- So you had a little success in your last frenzied link building marathon. That doesn’t mean that more is better....
- Why Are Businesses So Afraid of Online Reviews? In an old episode of Friends, the owner of Alessandro’s Restaurant confronts Monica...
- Paid Content Outreach Have a great new piece of content that your sales team has been developing for months? Did...
SEO Competition and the Grizzly Equation
A lot of very clever people have spent a lot of time trying to create an equation that will judge how likely you are to rank well for a keyword, and how attractive that keyword is, based on a number of factors ranging from your site’s PageRank and backlinks to the number of people searching for the keywords to the amount of competition for those keywords. The idea is to take every factor into account. This is the SEO equivalent of the unified field theorem, the great white whale of SEO mathematics.
The problem here is that any absolute value you place on your site strength has no bearing at all on your ability to rank well for your keywords.
We know the elements that go into website strength, or authority: number of backlinks, number of domain backlinks, the authority of those backlinks, amount of content, frequency of updates, age of site, keyword density, title tags, etc. And certainly the stronger your site is the more likely you are to rank well for your keywords.
But in the end the only thing that really matters about the strength of your site is how strong it is compared to the competition. There can be no unified SEO theorem that doesn’t also take into account the site strength of every competitor for those keywords. There is only the Grizzly Equation.
The Grizzly Equation
Let’s say you and I are out walking in lovely Yosemite in the shadow of Half Dome, enjoying a rare quiet moment in the overwhelming majesty of nature. All of the sudden a grizzly bear leaps out and charges at us! It lets out a roar of rage and we let out squeals of panic and run away from the bear for all our little legs are worth.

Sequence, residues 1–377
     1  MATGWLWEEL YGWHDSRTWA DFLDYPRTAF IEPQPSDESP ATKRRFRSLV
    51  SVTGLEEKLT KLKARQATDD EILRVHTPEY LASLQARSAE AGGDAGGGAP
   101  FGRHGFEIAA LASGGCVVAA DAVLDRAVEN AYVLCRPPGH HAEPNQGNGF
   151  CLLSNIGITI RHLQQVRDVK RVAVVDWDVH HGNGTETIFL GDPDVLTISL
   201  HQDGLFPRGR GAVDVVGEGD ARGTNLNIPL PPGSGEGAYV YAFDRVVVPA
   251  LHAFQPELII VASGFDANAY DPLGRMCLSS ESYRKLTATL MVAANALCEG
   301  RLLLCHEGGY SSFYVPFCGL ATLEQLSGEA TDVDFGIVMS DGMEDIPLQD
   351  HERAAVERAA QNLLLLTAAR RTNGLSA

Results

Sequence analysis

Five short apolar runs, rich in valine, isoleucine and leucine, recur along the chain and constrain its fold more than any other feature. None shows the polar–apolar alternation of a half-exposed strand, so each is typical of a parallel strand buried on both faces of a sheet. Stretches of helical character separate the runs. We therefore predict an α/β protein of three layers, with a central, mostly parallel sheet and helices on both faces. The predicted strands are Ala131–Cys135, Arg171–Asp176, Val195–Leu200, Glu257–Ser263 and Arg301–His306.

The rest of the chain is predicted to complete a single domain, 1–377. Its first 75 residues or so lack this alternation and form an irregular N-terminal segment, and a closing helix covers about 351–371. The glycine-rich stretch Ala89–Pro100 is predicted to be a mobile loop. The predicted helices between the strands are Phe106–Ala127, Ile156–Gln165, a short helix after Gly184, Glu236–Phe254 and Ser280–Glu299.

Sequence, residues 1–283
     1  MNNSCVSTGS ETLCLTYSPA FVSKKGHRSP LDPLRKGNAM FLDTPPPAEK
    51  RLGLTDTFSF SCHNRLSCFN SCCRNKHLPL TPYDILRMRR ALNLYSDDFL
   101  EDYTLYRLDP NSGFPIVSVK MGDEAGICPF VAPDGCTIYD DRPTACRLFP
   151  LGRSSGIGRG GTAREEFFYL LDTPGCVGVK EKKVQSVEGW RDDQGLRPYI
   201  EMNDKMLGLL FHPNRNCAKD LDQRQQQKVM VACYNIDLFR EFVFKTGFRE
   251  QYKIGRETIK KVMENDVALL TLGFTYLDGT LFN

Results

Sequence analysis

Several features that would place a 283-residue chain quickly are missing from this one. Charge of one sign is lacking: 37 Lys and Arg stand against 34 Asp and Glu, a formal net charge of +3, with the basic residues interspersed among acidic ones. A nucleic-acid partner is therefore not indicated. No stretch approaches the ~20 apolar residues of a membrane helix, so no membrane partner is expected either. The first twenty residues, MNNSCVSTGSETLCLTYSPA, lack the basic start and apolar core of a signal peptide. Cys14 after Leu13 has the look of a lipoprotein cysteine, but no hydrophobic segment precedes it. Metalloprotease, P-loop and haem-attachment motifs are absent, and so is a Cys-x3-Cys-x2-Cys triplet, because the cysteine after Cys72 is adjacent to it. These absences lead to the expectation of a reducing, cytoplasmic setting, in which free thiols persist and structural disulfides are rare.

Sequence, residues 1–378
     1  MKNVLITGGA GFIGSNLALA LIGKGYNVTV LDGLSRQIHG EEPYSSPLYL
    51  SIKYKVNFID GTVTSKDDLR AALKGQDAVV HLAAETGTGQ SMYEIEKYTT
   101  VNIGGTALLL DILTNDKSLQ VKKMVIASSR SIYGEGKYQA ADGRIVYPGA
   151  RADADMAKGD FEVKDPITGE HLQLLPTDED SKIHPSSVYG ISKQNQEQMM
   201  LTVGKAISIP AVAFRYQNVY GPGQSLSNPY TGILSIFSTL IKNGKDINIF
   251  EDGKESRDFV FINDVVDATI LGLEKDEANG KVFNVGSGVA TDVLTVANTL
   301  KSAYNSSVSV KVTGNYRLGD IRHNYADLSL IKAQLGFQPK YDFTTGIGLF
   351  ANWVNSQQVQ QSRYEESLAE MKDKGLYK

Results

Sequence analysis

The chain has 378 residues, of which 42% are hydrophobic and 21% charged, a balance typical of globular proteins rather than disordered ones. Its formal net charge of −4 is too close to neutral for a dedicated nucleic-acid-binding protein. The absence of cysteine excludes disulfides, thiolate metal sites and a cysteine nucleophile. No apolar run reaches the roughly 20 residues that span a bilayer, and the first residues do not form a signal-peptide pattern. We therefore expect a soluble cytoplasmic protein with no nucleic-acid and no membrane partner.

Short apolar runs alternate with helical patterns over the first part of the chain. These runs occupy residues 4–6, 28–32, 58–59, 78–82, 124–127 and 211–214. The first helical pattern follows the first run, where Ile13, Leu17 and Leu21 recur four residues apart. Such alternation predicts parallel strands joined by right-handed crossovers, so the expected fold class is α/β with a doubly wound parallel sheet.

Now, we know that a grizzly bear can run at up to speeds of 30 miles per hour over open ground, and there is nothing between him and us except open ground. So my question is this: how fast do I have to run to escape the grizzly bear?
Of course the answer is: faster than you.
It’s all relative. It doesn’t matter how fast the grizzly bear runs — I don’t need to outrun him — I just need to outrun you. Similarly in the SEO world when we’re looking at site strength all that really matters is our competition — the relative, or qualitative, strength of our sites.
I could have a site with pagerank 8, millions of backlinks, and great optimization and still not get top listing if my competition is stronger. Or I could have a site with pagerank 0, no backlinks, no anything and still rank number 1 as long as my competition is worse.
The Grizzly Equation in Action
As an example of the Grizzly Equation, I created a site with a spare domain I had floating around. The site is for an imaginary company that I called Katak, Inc in the imaginary town of Duskenfell. They have a couple of equally imaginary products, whose names I carefully selected.
They sell Kaleticite, a word that when entered into Google showed no search results at all. They also had Gronnor, a word with few search results, and none of them optimized. Duskenfell also showed no search results, while Katak showed several, including the related Kayak.
The Katak website has all of four pages. The home page is horribly, terribly optimized and mentions each product twice. The Gronnor and Kaleticite product pages are well optimized. The site was just created, and there are zero backlinks to it (until just now).
So what happens when I type any of those words into Google? Why, I dominate the search results of course!
But when we search for Katak itself, a word that does have competition from pages with a PageRank, our new little site doesn’t show up anywhere in the top 50 results. Meanwhile the picturesque imaginary town of Duskenfell also now links to Katak, Inc as the number one (and two) search result.
The point here is that no evaluation of how likely a site is to rank for a keyword can possibly be done without evaluating the competition sites. If your competition has more site strength than you it’s still possible to out-rank them with good optimization (assuming they don’t also have good optimization), but if those sites are far stronger than yours, they won’t even have to try and they can still own the top slots for their related keywords.
Always remember the Grizzly Equation. It’s not about how strong your site it; it’s about how your site strength compares to the competition.